As the population of the United States ages, the health burden imposed by diseases of aging is expected to increase concomitantly. Social factors, including low socioeconomic status, social isolation, and low social support, are among the best predictors of susceptibility to diseases of aging, as well as lifespan itself. Nevertheless, key questions about the causal relationship and the biological mechanisms that link social experiences to health and aging remain unanswered. Animal models are a powerful tool to address these questions. Like humans, other social mammals exhibit strong associations between social adversity, health, and mortality. Unlike humans, though, they experience less complex environments, have shorter generation times, and can be subjected to experimental manipulation in controlled environments. The goal of this proposal is to build a Research Network on Animal Models to Understand Social Dimensions of Aging. By supporting interdisciplinary communication and pilot research from both human and nonhuman animal researchers, we aim to maximize the impact of animal model research on understanding the social determinants of health and aging. A Research Network is essential because current research in this area is distributed across many different disciplines, there is no standard set of conferences or publication venues where researchers with related interests overlap, and there are high barriers to entry for animal model work. The proposed network will overcome these challenges by supporting scientific meetings and workshops that build contacts across disciplines and among researchers at all career levels. It will also recruit new, diverse investigators into the field by providing opportunities for pilot project support, travel fellowships, and mentorship by experienced senior investigators. As part of these activities, the network will provide hands-on training for animal model research in rodents and nonhuman primates and for comparative research that leverages human and animal data sets. To build visibility, it will support targeted symposia at meetings where animal model work on the social dimensions of aging has not traditionally been represented. Finally, it will identify priority areas for animal model research and promote data and protocol dissemination. These activities will help set a research agenda that extends beyond the network?s immediate activities. Thus, the proposed network will transform a weakly connected community into a self-sustaining field of researchers equipped to conduct impactful research on the social dimensions of aging. Areas of particular interest include models to test the causal effects of social interactions on health; methods that can be flexibly deployed in both nonhuman animals and human populations; and research that investigates the benefits of behavioral interventions for alleviating the costs of social adversity. Advances in these areas will have direct translational application to human health and well-being during aging.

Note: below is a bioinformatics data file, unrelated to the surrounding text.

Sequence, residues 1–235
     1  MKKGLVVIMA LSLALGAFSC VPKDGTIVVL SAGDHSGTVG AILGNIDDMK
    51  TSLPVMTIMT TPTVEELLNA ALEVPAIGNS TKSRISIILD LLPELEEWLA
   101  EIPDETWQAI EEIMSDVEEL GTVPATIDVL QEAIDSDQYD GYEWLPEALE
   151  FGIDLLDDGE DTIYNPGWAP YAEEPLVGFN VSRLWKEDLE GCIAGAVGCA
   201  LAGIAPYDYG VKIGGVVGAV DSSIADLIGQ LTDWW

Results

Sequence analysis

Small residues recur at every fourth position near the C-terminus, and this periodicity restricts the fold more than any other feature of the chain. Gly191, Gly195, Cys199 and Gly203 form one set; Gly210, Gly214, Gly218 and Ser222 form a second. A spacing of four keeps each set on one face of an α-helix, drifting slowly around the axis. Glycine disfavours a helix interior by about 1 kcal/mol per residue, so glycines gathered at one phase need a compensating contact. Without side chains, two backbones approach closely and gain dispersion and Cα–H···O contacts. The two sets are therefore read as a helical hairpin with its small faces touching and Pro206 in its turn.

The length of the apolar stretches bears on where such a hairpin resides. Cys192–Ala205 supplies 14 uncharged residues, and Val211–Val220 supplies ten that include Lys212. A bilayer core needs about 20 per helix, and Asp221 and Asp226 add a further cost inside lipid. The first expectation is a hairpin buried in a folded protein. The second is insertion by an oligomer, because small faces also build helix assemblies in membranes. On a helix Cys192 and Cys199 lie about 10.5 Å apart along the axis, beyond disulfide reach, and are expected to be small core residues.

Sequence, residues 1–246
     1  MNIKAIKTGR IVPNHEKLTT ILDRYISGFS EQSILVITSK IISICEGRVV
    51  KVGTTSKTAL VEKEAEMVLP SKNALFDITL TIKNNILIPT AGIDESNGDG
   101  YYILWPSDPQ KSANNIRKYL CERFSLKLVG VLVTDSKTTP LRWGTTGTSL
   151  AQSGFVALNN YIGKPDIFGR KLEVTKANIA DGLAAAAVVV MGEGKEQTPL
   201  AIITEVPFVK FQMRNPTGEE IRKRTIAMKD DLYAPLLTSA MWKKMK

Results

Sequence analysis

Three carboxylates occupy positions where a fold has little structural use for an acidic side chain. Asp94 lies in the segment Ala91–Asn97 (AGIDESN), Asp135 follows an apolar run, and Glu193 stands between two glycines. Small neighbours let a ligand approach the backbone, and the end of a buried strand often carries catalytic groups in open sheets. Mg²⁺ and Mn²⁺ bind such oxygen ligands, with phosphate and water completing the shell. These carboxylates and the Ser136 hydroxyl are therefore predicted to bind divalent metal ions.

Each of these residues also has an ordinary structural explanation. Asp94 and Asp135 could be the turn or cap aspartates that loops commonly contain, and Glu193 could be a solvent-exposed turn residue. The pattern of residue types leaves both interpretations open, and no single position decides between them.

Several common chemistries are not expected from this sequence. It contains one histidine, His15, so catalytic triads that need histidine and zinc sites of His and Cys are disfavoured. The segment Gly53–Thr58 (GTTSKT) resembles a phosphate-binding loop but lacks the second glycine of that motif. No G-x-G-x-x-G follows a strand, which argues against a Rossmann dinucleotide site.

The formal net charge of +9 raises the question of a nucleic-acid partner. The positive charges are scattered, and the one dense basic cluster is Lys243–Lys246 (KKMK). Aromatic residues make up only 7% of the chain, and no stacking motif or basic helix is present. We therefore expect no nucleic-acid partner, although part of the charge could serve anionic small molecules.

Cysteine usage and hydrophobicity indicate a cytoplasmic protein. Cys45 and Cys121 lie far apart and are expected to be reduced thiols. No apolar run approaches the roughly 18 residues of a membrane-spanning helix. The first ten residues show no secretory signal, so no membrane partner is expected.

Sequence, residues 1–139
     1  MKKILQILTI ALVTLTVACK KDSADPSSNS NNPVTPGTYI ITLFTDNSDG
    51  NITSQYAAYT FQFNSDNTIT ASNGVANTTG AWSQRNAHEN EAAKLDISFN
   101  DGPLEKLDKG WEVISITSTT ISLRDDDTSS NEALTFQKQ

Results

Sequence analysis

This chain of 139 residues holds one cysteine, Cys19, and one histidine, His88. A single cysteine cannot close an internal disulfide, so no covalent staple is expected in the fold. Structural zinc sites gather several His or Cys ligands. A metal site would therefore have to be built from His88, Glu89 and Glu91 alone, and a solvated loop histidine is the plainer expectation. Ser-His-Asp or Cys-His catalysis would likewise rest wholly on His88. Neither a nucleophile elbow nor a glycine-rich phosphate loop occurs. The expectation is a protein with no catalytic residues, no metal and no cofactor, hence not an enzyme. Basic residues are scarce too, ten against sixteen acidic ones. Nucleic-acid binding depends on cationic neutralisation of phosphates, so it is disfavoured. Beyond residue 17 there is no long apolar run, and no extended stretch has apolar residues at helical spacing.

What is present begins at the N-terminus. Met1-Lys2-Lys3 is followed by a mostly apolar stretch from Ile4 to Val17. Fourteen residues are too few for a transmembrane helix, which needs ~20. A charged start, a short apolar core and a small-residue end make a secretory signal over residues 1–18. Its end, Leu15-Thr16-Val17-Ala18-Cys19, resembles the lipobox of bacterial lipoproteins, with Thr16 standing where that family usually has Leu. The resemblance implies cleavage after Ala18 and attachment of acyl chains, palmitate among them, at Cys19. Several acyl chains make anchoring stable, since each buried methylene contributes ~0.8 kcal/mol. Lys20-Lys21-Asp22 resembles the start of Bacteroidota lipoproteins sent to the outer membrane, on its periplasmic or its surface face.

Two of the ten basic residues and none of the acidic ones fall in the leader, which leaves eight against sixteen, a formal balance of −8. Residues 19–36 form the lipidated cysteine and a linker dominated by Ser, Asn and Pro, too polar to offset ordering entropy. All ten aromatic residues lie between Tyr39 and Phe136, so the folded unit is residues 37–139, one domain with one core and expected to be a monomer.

Public Health Relevance

Social adversity is strongly associated with susceptibility to diseases of aging, as well as with lifespan itself. These patterns are also observable in other social mammals, suggesting that animal models can be strategically leveraged to understand how social environments influence aging in humans. This proposal supports a Research Network for integrating animal models into studies of social aging, with the goal of mentoring and recruiting new investigators, building visibility across disciplines, and ultimately producing a self- sustaining research community that helps improve human health and well-being during aging.

National Institute of Health (NIH)
National Institute on Aging (NIA)
Resource-Related Research Projects (R24)
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Special Emphasis Panel (ZAG1)
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Gerald, Melissa S
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Duke University
Social Sciences
Schools of Arts and Sciences
United States
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